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    also, your program can execute the same lines quite a few times during ther same second, so if time() is called twice during the same second it will return the same time. you have to insert a delay(), sleep() or execute some other code that will consume some noticeable number of seconds between calls to time() function. cwr illustrated one way of doing that, but you wouldn't want to use that technique in an actual program because the time will vary from one computer to another. you should use the system's sleep() in *nix or Sleep() in Windows for consistant delays on different computers.

    localtime() returns a statically allocated pointer to tm structure. That means the function will NEVER return a NULL pointer, and I see no point in making that check. If it does return NULL, your program has really hosed things up!
    Last edited by Ancient Dragon; 09-12-2005 at 10:54 PM.

  5. #5
    cwr
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    Quote Originally Posted by Ancient Dragon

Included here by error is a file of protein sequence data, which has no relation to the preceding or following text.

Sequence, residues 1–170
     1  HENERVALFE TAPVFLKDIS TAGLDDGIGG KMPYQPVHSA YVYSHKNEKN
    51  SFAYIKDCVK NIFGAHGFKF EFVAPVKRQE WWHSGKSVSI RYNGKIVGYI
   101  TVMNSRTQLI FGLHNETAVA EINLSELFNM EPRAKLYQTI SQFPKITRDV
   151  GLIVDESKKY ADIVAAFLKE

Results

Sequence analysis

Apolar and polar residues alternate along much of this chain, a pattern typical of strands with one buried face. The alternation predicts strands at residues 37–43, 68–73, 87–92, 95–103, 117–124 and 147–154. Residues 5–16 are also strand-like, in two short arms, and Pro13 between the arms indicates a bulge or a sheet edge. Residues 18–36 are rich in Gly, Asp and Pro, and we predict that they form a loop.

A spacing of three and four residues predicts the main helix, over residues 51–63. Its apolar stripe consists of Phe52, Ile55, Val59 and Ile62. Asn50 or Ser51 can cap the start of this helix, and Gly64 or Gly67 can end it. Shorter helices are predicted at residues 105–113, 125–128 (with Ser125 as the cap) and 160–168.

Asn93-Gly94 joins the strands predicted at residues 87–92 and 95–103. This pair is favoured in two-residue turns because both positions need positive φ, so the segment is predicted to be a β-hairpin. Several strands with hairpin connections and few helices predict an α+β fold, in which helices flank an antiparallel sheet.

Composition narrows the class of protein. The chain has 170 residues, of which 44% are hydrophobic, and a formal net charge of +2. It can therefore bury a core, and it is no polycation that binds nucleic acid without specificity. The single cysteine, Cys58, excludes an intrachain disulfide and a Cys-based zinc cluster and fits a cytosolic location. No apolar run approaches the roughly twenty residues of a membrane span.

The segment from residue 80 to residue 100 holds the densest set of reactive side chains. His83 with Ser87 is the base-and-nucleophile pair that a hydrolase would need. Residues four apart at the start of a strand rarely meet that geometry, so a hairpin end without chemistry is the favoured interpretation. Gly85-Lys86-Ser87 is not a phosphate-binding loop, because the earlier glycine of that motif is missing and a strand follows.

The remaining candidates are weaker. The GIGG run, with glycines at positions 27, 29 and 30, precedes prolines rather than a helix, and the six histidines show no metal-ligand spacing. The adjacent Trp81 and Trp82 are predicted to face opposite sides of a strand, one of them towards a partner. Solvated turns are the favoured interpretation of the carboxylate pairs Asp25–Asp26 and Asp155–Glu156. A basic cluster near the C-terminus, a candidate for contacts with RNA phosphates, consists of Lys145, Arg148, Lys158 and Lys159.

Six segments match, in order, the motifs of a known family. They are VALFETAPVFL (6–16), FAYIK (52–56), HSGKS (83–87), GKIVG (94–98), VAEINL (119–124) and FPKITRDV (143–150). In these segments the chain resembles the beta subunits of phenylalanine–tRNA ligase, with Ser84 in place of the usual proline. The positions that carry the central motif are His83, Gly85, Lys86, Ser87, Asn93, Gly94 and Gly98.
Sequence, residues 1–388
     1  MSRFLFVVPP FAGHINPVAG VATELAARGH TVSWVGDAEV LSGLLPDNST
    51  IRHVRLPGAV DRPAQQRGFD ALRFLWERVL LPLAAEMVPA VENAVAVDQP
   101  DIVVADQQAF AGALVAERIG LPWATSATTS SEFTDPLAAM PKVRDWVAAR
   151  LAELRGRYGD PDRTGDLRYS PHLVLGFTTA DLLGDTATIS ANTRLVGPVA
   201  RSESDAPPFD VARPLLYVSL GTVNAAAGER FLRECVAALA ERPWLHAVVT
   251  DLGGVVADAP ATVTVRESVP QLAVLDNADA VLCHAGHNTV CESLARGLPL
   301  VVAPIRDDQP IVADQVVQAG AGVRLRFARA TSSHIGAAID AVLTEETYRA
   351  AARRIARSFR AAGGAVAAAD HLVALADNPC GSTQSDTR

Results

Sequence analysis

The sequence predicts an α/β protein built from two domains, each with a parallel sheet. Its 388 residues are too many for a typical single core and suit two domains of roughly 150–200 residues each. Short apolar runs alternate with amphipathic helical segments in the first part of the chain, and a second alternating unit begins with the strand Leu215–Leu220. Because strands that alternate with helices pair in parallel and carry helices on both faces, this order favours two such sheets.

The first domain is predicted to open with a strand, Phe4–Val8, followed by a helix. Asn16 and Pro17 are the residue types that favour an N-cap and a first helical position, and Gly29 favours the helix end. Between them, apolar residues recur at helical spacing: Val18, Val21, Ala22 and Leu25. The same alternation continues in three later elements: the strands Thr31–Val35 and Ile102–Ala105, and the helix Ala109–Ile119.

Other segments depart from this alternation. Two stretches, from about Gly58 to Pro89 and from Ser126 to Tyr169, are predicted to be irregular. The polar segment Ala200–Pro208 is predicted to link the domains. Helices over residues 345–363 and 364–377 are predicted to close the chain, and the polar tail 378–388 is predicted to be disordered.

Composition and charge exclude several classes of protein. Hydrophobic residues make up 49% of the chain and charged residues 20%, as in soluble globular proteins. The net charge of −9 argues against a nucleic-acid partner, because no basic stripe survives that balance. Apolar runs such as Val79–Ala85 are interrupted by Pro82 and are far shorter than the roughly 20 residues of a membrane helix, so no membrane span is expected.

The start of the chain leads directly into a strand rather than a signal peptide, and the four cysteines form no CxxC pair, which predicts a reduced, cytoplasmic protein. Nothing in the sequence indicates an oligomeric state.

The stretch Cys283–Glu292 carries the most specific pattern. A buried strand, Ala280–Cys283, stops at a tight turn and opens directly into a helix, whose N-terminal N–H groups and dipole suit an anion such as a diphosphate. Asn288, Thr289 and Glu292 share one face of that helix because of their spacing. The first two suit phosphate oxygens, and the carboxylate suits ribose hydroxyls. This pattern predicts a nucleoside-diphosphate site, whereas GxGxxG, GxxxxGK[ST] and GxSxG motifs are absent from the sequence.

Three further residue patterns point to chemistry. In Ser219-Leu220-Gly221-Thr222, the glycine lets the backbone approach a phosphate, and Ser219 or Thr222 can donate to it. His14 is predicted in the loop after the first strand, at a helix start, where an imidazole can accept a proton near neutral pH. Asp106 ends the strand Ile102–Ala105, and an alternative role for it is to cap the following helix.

also, your program can execute the same lines quite a few times during ther same second, so if time() is called twice during the same second it will return the same time. you have to insert a delay(), sleep() or execute some other code that will consume some noticeable number of seconds between calls to time() function. cwr illustrated one way of doing that, but you wouldn't want to use that technique in an actual program because the time will vary from one computer to another. you should use the system's sleep() in *nix or Sleep() in Windows for consistant delays on different computers.
    I didn't use sleep() because I was sticking to standard C, and a for loop was the easiest way I could think of to do a >1 second delay portably. If you show me any current processor that can do that loop in under 1 second, I'll be very surprised. I wasn't after a consistent delay, just something in place to make time pass for a while.

    localtime() returns a statically allocated pointer to tm structure. That means the function will NEVER return a NULL pointer, and I see no point in making that check. If it does return NULL, your program has really hosed things up!
    From the C standard:

    "The localtime function returns a pointer to the broken-down time, or a null pointer if the specified time cannot be converted to localtime."

    That's why I made the check.

    You might say that because the specified time came from time(), the time will never be unable to be converted, but, also from the C standard:

    "The time function returns the implementation's best approximation to the current calendar time. The value (time_t)-1 is returned if the calendar time is not available."